metaphor demonstrates the importance of letting go of hard feelings you may harbour
to help preserve a friendship, or run the risk of killing a friendship altogether.

A Poison Tree

I was angry with my friend:

I told my wrath, my wrath did end.
I was angry with my foe:
I told it not, my wrath did grow.

And I waterd it in fears

Night & morning with my tears;
And I sunned it with smiles,
And with soft deceitful wiles.
And it grew both day and night,
Till it bore an apple bright.
And my foe beheld it shine,
And he knew that it was mine,

And into my garden stole,

When the night had veiled the pole;
In the morning glad I see
My foe outstretchd beneath the tree.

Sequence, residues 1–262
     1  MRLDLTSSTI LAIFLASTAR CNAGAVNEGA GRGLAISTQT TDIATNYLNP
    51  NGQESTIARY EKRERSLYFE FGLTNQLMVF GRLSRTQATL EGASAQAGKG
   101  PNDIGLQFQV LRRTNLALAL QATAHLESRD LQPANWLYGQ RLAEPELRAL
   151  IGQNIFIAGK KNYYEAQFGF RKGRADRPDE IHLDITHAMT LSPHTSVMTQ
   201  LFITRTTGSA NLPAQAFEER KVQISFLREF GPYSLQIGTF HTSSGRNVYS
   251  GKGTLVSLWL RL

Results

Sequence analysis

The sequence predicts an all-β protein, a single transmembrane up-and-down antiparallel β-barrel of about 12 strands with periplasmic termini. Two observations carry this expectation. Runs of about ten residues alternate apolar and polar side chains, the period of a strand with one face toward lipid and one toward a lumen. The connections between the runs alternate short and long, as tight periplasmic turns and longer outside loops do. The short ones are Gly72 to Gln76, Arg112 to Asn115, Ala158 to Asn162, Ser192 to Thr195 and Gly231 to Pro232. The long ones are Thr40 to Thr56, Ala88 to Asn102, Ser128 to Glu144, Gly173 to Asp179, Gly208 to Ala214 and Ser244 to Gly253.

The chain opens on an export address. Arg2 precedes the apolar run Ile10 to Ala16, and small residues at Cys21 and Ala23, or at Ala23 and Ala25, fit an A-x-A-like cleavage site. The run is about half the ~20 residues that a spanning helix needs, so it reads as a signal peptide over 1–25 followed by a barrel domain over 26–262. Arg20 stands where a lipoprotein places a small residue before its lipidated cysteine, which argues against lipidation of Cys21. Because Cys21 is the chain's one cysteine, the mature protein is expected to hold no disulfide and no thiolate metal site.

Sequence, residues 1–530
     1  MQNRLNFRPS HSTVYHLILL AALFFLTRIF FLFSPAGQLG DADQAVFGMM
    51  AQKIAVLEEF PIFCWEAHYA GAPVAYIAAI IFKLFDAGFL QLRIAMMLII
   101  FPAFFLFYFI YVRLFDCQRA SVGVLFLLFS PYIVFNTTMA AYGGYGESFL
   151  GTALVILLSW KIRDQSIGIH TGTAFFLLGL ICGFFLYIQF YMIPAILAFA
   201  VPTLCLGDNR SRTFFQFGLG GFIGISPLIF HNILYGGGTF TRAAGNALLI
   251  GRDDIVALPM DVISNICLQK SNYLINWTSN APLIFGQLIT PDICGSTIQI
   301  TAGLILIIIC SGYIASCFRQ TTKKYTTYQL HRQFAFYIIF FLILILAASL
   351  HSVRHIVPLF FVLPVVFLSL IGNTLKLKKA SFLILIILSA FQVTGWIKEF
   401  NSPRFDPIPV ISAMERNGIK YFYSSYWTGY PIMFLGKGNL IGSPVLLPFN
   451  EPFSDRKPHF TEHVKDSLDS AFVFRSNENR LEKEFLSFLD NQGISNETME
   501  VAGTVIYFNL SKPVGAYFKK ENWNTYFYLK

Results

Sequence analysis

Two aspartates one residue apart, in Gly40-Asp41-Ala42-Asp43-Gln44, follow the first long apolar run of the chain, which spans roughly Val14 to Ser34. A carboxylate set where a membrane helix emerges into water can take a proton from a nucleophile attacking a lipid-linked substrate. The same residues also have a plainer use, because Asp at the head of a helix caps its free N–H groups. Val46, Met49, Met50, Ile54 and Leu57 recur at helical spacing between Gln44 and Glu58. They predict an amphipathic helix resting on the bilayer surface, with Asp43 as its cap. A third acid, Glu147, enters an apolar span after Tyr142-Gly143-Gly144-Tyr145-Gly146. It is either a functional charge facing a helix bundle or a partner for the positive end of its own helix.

Before a friendship develops, most people are strangers. Henry David Thoreau captures
how two strangers can become best friends through this poem:

I Knew A Man By Sight

I knew a man by sight,

A blameless wight,
Who, for a year or more,
Had daily passed my door,
Yet converse none had had with him.

I met him in a lane,

Him and his cane,
About three miles from home,
Where I had chanced to roam,
And volumes stared at him, and he at me.

In a more distant place

I glimpsed his face,
And bowed instinctively;
Starting he bowed to me,
Bowed simultaneously, and passed along.

Next, in a foreign land

I grasped his hand,
And had a social chat,
About this thing and that,
As I had known him well a thousand years.

Late in a wilderness
I shared his mess,
For he had hardships seen,
And I a wanderer been;
He was my bosom friend, and I was his.

And as, methinks, shall all,

Both great and small,
That ever lived on earth,
Early or late their birth,